Greg and I had hung up a tarp over the picnic table, so we had a dry place to hang out without being cooped up in the camper. It was tough being in the camper because the weather was both warm and rainy, which meant we couldn’t really open the flaps. The picnic table was the place to be.


The rain poured down for a few hours in the afternoon, and then seemed to let up around 5:00. We decided to head over to Swatara State Park, adjacent to the campground. Swatara has a fossil pit that is open to visitors. The ground is being eroded there, exposing sedimentary rock that contains fossils from the ocean floor. What is now North America used to be the bottom of a vast prehistoric sea. Seashell and trilobit fossils are abundant in this area.





The rain picked up again. We headed back to the campground, and got the kids on the carousel. Yes, carousel! The campground has a small area with some rides, including a carousel and a Ferris wheel. Most of the other rides were not running because of the rain, but the carousel was enclosed in its own building.


Next, the kids did a craft in the art room. The adults got in on the crafting action, too.





We ventured out of the campground to get dinner at a 1950s-style dinner up the road. Sheets of rain continued to fall on us, on our campsite, and on the Lesters’ tent, which was turning out to be more leaky than you would expect from a brand-new tent. Water was pooling inside their tent at the corners, and nearly every seam was leaking. Around midnight, they decided it was just easier to head for home. They left behind the tent and about half of their gear, which Greg came back in the morning to collect.


Like the Mother’s Day weekend trip, I can’t gloss this one over with nostalgia. We got soaked, our camper leaked a bit and was stifling hot inside, and the new tent was a disaster for the Lesters. A successful camping weekend does not include abandoning ship in a midnight downpour.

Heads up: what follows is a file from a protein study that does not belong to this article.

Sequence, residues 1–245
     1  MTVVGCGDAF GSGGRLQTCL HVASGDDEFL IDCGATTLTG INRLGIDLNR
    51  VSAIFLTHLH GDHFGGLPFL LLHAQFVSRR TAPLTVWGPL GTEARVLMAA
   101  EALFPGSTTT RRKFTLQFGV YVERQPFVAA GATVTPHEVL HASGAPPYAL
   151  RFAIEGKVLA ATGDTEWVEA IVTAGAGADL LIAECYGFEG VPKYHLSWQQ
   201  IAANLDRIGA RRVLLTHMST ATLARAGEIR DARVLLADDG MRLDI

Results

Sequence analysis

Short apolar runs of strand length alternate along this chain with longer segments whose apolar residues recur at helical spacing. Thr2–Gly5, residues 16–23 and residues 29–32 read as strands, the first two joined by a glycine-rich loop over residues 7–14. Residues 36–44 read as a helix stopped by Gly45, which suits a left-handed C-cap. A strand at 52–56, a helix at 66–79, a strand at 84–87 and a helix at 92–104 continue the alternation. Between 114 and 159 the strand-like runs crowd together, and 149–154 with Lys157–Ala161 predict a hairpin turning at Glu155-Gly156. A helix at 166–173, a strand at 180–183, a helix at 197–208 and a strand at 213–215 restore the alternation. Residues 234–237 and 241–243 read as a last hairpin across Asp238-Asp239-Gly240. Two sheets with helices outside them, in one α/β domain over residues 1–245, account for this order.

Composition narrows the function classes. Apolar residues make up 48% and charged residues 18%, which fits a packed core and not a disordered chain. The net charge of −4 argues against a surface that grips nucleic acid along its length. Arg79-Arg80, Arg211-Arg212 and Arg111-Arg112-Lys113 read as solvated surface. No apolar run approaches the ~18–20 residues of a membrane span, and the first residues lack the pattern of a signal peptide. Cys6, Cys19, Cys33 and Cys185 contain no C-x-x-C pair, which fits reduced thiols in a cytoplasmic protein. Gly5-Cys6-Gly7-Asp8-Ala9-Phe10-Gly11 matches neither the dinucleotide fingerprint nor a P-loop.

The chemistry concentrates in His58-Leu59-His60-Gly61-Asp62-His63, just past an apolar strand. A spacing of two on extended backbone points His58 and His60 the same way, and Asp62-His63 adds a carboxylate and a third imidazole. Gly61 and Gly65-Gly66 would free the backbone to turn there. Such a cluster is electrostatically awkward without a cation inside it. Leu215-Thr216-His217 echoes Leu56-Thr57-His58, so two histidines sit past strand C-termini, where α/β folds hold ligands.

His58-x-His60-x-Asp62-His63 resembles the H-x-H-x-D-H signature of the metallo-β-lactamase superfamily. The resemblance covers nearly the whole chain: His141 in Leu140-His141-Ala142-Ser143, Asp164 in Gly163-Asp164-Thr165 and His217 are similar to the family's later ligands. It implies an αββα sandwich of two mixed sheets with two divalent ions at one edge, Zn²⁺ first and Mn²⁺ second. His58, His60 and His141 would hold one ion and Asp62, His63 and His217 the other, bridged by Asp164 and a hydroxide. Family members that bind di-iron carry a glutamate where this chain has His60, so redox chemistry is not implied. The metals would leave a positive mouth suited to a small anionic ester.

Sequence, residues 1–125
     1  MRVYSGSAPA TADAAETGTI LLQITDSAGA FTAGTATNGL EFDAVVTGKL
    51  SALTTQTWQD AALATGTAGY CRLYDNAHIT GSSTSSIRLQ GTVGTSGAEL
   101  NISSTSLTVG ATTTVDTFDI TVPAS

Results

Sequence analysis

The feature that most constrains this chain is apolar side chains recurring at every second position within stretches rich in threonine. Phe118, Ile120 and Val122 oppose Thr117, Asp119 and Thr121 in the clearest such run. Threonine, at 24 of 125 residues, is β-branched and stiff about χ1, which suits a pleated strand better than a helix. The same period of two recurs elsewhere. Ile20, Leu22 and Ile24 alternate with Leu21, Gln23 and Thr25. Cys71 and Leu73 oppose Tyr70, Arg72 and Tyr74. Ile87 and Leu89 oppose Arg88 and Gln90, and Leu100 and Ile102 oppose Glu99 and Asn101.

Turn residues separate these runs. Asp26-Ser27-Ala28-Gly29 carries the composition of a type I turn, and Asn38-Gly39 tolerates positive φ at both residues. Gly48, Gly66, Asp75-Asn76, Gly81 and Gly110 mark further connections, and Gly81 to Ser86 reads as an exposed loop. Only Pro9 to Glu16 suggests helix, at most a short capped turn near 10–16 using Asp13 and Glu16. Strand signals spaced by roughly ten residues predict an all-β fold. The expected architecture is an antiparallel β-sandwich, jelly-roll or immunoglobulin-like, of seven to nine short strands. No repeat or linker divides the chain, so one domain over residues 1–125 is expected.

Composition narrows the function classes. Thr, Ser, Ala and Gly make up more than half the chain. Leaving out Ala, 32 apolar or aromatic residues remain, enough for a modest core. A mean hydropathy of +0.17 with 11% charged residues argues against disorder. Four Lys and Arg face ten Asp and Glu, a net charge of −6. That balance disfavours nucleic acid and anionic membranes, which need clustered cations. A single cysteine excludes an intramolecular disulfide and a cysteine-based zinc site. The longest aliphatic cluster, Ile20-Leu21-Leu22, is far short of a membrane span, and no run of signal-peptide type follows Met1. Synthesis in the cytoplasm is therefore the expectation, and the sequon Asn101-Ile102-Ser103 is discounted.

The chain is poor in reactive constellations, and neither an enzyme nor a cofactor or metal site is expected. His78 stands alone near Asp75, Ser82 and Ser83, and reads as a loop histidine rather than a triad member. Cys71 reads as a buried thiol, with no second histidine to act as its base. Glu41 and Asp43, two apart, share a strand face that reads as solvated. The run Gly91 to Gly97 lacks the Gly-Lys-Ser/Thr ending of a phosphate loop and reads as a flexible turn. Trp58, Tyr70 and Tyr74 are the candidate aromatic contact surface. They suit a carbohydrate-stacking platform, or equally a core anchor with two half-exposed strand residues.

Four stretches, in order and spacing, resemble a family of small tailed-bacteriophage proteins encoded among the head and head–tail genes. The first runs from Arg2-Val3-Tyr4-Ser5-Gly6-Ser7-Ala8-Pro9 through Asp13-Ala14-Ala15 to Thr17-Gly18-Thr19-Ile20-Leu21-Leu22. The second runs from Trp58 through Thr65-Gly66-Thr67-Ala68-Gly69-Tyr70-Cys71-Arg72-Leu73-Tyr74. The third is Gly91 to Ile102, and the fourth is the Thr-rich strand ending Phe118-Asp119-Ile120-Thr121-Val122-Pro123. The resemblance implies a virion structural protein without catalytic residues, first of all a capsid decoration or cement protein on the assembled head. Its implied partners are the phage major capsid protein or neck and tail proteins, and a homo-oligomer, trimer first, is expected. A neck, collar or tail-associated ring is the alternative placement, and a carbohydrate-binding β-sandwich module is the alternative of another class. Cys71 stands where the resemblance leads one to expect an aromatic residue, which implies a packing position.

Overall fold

However, we couldn’t have picked a better campground for a rainy weekend. There were so many indoor activities available that the kids were busy and happy the whole time. Our first experience with a KOA campground was very good.

Tomorrow: Back to Yellowstone!

Call it The Rainmaker

We were out camping over the weekend, and it was a brutally soggy experience. Here’s a look at our campsite. This was a weekend trip with our friends the Lesters, who were testing out their shiny new tent. You can see it behind our camper, underneath a tarp:


I’ll share more in the next day or two from the trip. For now, I’ll mention three important facts:

1 – Weather reports by the end of the weekend estimated that the area in which we were camping received 5″ (12.5cm) of rain between Saturday morning and Sunday night.

2 – The Lesters, suffering many leaks in their new tent, packed up and took the kids home at midnight Saturday night, arriving home on Sunday morning at 2:00 a.m.

3 – Chelsea and I have decided that the trailer will be called The Rainmaker, and we will make money by taking it to drought-stricken farms and setting up camp.

If you know a farmer who needs help with the rain, let us know.

Notice the umbrellas by the door:


More tomorrow.

Day 13: Movin’ on down

My people are not really early risers. On the day we planned to move from Yellowstone to the Tetons, we needed to roust everybody at sunrise, so we could head south and get a campsite. Folks responded to reveille with, well, sluggishness:



We became excellent on this trip at breaking down camp quickly. By the time we would leave the Tetons, we were going from people in beds to driving down the road in 45 minutes.


One last look at our Yellowstone home, and it was time to go:


We also had one last piece of business in the park. Maria and Anna had been working throughout the visit on their Junior Ranger materials, and we stopped by the Old Faithful visitor center so they could be sworn into service.



Soon enough we were heading down the road toward the extraordinary peaks of the Tetons.


Next week: The Tetons, Jackson, and the long road back East.

Happy weekend!